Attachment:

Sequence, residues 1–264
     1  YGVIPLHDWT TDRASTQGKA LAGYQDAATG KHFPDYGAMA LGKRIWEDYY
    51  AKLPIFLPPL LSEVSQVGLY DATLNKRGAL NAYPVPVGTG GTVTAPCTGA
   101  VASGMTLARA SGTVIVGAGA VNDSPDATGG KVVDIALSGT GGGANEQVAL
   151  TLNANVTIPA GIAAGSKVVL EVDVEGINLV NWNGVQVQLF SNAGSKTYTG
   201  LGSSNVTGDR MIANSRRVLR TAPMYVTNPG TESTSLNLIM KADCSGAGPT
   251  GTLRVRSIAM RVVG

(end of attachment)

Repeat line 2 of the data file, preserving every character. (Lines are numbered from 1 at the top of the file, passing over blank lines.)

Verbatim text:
     1  YGVIPLHDWT TDRASTQGKA LAGYQDAATG KHFPDYGAMA LGKRIWEDYY